Scotsabroad's Weblog

September 18, 2011

A Wedding

Filed under: Jakarta — scotsabroad @ 3:26 pm

Yusuf’s daughter got married this weekend. He very kindly invited our family to the weekend celebrations. His house is not too far along Supratman Road. Lisna and Ario were married at 8 o’clock this morning and as we arrived just after 11 o’clock the bride, groom and both sets of parents had been standing for several hours. Yusuf had taken over his street. The colour purple seemed to play a significant part in the wedding. Shona received a favour in the shape of a purple flower. Purple maids of honour sitting everywhere. Purple cloth was draped along the street outside their home making a very convenient marquee. We were ushered past the couple and their parents and then offered food. It was delicious; sticky rice, grated spicy potato and fresh fruit. The only thing we couldn’t contemplate trying was the milky-coffee drink with what looked like floating mushy peas. The road in to Yusuf’s area marked with a large palm- sculpture and a sign naming the newly weds. Feel very honoured to have been allowed to attend. Yusuf is the proud father to the right in the picture.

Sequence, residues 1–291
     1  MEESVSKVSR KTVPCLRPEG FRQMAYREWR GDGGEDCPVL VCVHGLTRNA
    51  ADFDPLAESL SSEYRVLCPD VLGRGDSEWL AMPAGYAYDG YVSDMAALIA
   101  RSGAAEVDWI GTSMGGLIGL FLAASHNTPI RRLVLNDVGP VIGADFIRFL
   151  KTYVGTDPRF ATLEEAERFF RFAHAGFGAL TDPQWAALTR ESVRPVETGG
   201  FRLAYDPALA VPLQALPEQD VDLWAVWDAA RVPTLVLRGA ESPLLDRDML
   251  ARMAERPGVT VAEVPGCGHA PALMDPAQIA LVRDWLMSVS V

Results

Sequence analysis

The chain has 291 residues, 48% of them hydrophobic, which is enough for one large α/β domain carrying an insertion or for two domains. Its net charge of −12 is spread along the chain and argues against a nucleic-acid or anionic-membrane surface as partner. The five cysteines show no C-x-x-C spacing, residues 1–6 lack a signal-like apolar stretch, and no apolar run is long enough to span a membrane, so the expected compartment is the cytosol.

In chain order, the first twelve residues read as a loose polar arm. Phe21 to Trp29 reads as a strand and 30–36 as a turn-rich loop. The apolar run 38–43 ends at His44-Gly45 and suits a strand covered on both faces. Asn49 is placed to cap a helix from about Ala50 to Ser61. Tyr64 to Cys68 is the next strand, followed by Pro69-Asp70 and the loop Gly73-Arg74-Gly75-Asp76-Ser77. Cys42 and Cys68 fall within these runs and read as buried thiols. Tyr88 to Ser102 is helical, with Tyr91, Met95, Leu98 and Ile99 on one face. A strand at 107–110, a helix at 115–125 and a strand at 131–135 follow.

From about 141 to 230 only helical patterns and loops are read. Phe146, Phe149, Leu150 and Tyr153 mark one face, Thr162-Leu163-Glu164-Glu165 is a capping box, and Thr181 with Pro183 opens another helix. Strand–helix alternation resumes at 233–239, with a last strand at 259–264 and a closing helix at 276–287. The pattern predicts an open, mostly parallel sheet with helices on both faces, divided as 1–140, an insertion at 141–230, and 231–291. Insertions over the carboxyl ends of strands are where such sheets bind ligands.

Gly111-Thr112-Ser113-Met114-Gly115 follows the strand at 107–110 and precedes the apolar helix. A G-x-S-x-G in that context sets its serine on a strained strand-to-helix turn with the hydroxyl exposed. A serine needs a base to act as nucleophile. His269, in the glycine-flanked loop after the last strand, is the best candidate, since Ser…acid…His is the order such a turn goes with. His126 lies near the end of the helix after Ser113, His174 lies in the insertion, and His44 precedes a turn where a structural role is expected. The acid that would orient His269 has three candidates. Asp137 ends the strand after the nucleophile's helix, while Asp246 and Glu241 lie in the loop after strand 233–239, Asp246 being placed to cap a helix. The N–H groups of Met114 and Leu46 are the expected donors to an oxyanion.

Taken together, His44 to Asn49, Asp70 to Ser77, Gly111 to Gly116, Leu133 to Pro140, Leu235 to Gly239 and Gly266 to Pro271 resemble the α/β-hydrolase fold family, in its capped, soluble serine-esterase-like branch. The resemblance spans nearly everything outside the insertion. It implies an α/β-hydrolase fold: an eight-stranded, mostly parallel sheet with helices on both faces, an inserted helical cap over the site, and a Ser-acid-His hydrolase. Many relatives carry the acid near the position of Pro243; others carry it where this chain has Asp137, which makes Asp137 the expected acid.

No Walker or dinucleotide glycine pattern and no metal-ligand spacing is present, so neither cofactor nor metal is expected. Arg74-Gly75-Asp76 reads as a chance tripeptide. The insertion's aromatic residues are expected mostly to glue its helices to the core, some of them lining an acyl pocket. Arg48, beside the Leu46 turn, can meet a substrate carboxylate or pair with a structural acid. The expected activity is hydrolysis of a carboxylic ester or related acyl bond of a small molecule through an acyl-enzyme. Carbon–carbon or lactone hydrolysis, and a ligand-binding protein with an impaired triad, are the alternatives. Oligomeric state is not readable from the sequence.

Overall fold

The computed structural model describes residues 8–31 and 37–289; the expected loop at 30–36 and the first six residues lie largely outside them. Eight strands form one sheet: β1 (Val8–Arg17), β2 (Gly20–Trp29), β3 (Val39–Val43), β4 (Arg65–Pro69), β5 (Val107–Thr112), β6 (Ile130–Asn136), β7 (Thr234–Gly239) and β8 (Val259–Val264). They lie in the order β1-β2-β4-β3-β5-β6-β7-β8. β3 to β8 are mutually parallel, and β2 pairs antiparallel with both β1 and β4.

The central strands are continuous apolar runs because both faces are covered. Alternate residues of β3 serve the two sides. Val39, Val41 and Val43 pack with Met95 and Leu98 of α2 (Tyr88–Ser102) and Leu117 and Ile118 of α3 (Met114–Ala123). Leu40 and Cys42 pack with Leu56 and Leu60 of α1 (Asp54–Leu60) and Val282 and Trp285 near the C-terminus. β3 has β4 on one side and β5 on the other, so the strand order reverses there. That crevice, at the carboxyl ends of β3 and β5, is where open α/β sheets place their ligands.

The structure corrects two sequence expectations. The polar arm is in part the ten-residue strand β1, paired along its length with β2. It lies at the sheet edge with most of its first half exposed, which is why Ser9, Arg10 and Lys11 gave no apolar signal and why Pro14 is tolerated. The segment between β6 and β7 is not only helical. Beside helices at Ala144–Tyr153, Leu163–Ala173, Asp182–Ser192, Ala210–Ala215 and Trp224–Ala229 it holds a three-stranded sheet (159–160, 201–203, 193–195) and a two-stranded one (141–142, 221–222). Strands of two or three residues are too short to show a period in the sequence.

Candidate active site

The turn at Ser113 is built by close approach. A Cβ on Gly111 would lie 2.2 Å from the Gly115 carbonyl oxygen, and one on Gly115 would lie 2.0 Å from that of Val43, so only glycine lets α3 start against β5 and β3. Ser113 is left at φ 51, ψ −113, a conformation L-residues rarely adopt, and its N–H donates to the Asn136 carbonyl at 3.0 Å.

September 9, 2011

A Bill Murray

Filed under: A Bill Murray,Signs — scotsabroad @ 9:58 pm



My favourite. Buy one, Get One. Well… Yeah.




September 2, 2011

Kite Museum

Filed under: Jakarta — scotsabroad @ 5:59 pm

We have just had a wonderful visit to the Museum Layang-Layang Indonesia. When Lucas was told we were venturing out to find the Indonesian Kite Museum, and all that it displayed were kites, his response was, boring. Even if we did manage to find the museum we only knew from a guide-book that it displayed – a collection of kites, traditional and modern from all corners of the archipelago as well as from other countries. 

Once we had paid our admission ( a $ each) we were shown to a room to watch a video. Not a great start but interesting in parts. We walked  through the courtyard to the museum itself. Housed in a couple of rooms were kites and memorabilia from kite festivals. Incredible sizes and designs. We are shown the instrument ( a wind harp) that is often attached to a kite producing sound as the wind passes over it. The sound is the same as the drone we often hear outside our apartment when somebody is flying their kite. The noise could be recreated (see Cairo below) by moving the harp quickly through the air. 

Then it all becomes magical. We are asked to sit in the museum courtyard and kite making materials are given to the boys. The frame is ready-made but they have to glue the paper on to the frame, make their own design and attach the strings. Both boys delighted with the results. Lucas still out flying his kite around Country Woods. Beautiful setting and as I check the toilets…  I anticipate a Year 1 visit.  

Does this child look bored?

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